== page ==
Quick Tips: Organizing an Event at Your School

One of the things I love the most about my job is working with student groups. They are the most creative in designing their events. Not only do they think outside the box, they reach outside of it to make things happen. Now that school has started, clubs and classes might have started thinking about organizing an on-campus event.

Here are a few tips:

  1. Start with what you want to accomplish. Your goal might be to raise funds, educate your peers, or have a school-to-community event. Determine what it is you want to accomplish first, then as a group have a giant brainstorming session to collect all the ideas you have to reach your goal. Don’t cross off any ideas in the brainstorming stage. Then walk away from list and come back the next meeting to narrow it down to exactly what type of event it will be.

  2. Determine your location. Your location will determine all other parameters: date, times, what you can physically use, and how many people can come. While searching for a location, keep in mind your audience, access to the location, capacity, and times it might be available. Make sure your location helps you reach your goal rather than creating more obstacles to achieving it. For instance, if you want to do a film screening and serve food to raise funds, don’t show the film in a location that doesn’t allow food.

  3. Delegate! Once the group has agreed on the general idea of the event, a location, and time, delegation begins. Depending on the size of your group, there are two ways you can do this. First, find SubTeam or Committee Chairs to lead on a specific task. These teams can be given the power to explore ideas and details associated with them, and even to make final decisions. This generally works if you have a large group. If you have a smaller group, the SubTeam/Committee Chair will need to use the whole group to explore ideas and make decisions, while being in charge of completing the task. Every event is different, but in general you might need leaders for outreach, food/beverage, speakers, donations/silent auction/raffle items/money, volunteer management, and programming/scheduling/speakers for the event.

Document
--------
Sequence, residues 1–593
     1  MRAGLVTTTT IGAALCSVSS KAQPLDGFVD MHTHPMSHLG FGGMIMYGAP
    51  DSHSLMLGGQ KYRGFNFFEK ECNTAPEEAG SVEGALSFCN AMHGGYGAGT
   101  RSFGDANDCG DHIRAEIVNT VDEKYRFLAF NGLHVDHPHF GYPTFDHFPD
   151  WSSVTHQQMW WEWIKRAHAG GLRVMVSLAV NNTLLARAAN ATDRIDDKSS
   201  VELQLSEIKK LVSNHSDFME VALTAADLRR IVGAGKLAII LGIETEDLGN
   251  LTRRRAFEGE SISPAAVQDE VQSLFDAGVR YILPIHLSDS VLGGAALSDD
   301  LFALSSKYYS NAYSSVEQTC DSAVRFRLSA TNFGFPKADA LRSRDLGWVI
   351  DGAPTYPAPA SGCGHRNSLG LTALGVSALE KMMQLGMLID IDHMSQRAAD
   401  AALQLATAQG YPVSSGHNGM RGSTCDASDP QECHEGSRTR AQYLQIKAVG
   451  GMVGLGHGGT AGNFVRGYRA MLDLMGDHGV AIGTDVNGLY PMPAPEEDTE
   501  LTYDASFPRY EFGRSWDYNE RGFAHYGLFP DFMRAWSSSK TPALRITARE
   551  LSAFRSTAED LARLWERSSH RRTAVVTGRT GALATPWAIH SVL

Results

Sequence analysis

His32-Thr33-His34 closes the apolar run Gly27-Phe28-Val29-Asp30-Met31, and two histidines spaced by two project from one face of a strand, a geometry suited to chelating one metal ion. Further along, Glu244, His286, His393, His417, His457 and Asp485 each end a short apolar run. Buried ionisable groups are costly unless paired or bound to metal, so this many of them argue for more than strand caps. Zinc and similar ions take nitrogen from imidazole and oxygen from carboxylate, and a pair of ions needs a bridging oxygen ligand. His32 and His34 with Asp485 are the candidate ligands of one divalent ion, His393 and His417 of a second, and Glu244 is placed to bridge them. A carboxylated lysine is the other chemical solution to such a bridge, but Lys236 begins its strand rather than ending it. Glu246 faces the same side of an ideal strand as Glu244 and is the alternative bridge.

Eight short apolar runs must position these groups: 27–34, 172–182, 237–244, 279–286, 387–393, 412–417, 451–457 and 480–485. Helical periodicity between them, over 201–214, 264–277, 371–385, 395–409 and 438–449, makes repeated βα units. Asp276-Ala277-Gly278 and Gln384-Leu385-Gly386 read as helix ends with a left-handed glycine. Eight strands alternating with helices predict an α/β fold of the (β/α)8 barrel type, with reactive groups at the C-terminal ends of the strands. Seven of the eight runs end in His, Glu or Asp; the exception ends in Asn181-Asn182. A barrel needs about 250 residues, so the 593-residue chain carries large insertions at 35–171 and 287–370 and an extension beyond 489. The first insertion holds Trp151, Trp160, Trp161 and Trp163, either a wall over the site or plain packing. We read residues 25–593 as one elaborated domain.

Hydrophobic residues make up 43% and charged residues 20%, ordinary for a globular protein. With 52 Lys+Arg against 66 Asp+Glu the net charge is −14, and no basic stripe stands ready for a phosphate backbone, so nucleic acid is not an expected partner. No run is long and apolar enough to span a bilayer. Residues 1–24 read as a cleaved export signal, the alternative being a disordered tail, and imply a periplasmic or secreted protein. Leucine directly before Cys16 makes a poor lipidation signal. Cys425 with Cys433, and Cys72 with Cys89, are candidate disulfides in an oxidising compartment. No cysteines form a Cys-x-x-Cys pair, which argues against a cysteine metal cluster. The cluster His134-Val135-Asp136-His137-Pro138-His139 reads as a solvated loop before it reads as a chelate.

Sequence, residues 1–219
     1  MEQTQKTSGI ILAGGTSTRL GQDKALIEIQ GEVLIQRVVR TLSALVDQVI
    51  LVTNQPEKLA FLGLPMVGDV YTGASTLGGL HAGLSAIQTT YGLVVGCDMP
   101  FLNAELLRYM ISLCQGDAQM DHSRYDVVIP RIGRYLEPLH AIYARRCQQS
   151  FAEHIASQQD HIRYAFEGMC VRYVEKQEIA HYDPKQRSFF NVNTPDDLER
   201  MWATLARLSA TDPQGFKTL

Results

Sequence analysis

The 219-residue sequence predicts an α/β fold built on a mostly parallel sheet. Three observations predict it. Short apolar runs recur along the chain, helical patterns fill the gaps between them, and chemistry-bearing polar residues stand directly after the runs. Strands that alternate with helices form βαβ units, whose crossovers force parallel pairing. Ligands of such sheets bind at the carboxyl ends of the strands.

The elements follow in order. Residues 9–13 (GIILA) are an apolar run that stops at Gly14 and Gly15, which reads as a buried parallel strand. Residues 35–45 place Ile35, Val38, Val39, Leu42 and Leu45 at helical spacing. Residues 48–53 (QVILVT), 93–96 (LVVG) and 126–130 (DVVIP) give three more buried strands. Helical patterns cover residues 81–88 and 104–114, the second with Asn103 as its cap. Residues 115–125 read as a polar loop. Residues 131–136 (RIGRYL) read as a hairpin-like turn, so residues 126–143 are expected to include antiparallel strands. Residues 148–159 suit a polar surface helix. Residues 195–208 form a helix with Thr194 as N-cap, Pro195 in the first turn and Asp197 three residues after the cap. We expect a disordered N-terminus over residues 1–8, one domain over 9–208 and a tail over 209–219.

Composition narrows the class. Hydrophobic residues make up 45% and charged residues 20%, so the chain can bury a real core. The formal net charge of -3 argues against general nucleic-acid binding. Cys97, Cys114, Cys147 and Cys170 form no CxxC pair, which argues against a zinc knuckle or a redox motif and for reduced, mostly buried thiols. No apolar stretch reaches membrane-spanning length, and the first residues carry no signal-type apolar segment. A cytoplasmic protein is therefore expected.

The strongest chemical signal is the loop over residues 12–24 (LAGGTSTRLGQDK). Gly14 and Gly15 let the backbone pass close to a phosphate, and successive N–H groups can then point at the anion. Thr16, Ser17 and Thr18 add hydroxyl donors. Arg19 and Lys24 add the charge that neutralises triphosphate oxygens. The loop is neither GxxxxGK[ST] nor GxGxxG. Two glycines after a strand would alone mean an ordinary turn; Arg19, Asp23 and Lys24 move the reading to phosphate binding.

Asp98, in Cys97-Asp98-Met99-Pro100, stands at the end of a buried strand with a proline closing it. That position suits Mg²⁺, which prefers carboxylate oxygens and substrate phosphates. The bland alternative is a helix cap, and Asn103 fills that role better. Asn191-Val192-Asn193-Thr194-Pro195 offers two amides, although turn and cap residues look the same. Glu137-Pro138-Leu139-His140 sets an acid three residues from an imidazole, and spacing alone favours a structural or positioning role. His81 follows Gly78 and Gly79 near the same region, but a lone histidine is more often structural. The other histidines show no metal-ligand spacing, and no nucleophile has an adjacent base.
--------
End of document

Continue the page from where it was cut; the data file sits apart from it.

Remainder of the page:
4. Outreach, Outreach, Outreach. Do not wait until every detail is set to start doing outreach. The minute you have a location and a general idea of what the event will look like, you can start your outreach. You will need to do outreach to partner organizations/clubs (the more partners you have the more outreach = more attendees!), to vendors/donors, and to attendees. You will reach each of these in a slightly different way. Get creative and be personal. People attend or get involved because they were asked by a friend. This will be the key to getting people to come (and cool programming)!

These are just a few tips on organizing an event. In the coming weeks I will write more on what to do at your event to make it successful and follow-up after you’ve hosted it! Stay tuned.

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